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Dufay was the most famous and influential composer in Europe in the mid-15th century.
As the central figure of the Burgundian School, Dufay was the most famous and influential composer in Europe in the mid-15th century. He trained as a chorister at Cambrai Cathedral, and later appears to have entered the service of the Malatesta family in Pesaro. After a brief return to Cambrai, he was back in Italy – in Bologna and Rome. During this period Dufay also began his long association with the Este family in Ferrara, some of the most important musical patrons of the Renaissance, with whom he had probably become acquainted during the days of his association with the Malatesta family; Rimini and Ferrara are not only geographically close but the two families were related by marriage, and Dufay composed at least one ballade for Niccolò III, Marquis of Ferrara. He spent his later years back at Cambrai, where he was visited – such was his fame – by such musicians as Binchois, Tinctoris and Ockeghem.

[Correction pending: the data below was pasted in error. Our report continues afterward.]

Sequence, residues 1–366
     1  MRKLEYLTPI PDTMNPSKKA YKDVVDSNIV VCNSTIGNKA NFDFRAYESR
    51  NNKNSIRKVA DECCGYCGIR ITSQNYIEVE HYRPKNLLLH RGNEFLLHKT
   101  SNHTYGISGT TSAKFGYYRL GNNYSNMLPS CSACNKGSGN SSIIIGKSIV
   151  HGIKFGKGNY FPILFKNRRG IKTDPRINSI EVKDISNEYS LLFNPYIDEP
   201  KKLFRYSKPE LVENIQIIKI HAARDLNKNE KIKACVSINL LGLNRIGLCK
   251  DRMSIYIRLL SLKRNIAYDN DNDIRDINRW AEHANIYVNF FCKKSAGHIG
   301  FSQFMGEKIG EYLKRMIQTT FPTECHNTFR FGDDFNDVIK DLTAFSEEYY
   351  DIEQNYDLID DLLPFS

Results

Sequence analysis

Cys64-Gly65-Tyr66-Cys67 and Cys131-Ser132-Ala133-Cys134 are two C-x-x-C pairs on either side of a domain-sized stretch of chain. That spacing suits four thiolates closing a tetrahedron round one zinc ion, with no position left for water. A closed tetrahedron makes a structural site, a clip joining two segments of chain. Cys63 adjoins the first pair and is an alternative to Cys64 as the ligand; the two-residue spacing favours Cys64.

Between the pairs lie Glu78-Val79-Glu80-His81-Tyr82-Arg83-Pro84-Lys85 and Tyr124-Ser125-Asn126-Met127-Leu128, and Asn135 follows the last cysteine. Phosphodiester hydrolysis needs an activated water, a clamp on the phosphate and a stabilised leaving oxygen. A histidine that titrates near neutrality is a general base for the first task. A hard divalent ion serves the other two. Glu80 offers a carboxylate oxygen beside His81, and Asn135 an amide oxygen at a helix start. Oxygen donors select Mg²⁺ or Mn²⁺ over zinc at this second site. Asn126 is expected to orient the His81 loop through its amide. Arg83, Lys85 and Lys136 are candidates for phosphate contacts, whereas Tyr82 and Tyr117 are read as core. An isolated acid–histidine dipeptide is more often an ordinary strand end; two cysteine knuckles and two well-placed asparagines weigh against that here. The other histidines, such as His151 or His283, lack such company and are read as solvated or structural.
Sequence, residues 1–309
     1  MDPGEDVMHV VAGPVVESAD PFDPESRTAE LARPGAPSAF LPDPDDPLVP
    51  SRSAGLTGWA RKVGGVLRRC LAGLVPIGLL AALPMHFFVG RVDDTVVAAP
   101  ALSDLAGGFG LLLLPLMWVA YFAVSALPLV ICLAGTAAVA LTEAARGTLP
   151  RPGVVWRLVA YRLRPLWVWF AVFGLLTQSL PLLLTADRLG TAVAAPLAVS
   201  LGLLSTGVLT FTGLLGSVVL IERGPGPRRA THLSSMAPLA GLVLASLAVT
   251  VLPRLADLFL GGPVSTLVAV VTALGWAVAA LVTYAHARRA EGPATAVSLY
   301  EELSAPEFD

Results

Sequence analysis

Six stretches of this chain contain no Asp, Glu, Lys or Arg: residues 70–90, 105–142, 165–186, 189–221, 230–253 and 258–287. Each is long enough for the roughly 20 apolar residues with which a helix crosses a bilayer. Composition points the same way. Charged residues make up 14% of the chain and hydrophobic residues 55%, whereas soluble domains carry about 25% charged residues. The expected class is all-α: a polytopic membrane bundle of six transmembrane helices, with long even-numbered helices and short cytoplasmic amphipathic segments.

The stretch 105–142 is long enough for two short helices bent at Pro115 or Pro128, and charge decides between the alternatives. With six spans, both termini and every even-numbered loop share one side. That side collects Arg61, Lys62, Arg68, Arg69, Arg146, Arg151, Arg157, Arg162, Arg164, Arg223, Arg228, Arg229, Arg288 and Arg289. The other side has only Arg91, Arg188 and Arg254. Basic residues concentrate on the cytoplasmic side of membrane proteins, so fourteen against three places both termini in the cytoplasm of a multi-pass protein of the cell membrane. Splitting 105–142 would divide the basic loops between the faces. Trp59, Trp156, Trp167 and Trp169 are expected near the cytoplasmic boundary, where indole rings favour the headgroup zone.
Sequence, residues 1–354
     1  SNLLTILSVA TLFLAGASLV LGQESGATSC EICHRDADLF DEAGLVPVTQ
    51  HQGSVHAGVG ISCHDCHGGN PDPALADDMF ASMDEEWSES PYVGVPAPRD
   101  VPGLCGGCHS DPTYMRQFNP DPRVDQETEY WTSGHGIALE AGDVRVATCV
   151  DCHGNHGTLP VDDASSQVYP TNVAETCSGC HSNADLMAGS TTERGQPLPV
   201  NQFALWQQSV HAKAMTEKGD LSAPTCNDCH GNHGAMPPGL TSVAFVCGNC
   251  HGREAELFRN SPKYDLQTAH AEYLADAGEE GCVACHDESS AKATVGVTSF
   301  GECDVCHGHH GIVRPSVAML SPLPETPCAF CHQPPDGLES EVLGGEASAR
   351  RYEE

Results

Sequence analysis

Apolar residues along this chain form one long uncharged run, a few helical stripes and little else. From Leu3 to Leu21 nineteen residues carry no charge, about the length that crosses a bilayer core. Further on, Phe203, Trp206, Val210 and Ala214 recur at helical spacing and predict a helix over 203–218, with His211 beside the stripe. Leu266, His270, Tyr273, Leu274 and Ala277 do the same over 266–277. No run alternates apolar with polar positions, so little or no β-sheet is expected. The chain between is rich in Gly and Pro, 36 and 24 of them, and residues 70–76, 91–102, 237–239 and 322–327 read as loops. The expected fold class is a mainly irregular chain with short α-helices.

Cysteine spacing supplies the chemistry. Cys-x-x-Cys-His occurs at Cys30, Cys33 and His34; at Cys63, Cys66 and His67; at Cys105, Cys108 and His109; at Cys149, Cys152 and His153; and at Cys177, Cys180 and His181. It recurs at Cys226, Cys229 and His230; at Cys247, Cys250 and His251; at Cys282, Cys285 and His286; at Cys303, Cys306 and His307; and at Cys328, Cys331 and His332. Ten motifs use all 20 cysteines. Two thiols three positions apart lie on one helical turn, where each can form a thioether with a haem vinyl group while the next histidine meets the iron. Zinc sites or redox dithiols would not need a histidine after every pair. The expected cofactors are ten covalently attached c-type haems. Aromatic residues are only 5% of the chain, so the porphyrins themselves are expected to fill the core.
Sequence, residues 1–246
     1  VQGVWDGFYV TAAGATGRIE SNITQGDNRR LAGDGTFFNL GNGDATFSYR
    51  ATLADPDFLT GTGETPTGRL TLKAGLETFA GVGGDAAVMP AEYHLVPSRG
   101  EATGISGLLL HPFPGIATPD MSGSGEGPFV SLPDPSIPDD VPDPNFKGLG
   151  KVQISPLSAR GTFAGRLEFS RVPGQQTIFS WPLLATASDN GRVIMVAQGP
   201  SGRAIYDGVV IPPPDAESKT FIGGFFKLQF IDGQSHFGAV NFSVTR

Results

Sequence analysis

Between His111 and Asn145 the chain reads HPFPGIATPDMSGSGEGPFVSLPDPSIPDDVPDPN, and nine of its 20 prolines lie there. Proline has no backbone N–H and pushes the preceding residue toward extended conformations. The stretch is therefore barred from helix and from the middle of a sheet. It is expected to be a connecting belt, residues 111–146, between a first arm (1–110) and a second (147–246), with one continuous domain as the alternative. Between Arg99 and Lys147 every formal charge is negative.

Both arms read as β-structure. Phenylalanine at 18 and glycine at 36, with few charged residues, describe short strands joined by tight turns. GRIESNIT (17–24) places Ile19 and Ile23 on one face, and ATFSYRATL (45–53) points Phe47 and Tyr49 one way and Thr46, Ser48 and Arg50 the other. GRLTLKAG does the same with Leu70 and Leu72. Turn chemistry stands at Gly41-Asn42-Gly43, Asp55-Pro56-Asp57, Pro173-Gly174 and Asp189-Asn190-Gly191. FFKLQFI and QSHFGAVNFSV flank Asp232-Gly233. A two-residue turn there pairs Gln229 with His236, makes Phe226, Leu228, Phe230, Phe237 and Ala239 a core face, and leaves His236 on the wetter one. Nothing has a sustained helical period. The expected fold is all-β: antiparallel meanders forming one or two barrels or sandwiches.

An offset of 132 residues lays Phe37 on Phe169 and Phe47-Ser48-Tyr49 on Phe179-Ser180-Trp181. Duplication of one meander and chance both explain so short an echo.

Dufay wrote in most of the common forms of the day, including Masses, motets, Magnificats and hymns. None of his surviving music is specifically instrumental, although instruments were certainly used for some of his secular music, especially for the lower parts; all of his sacred music is vocal.
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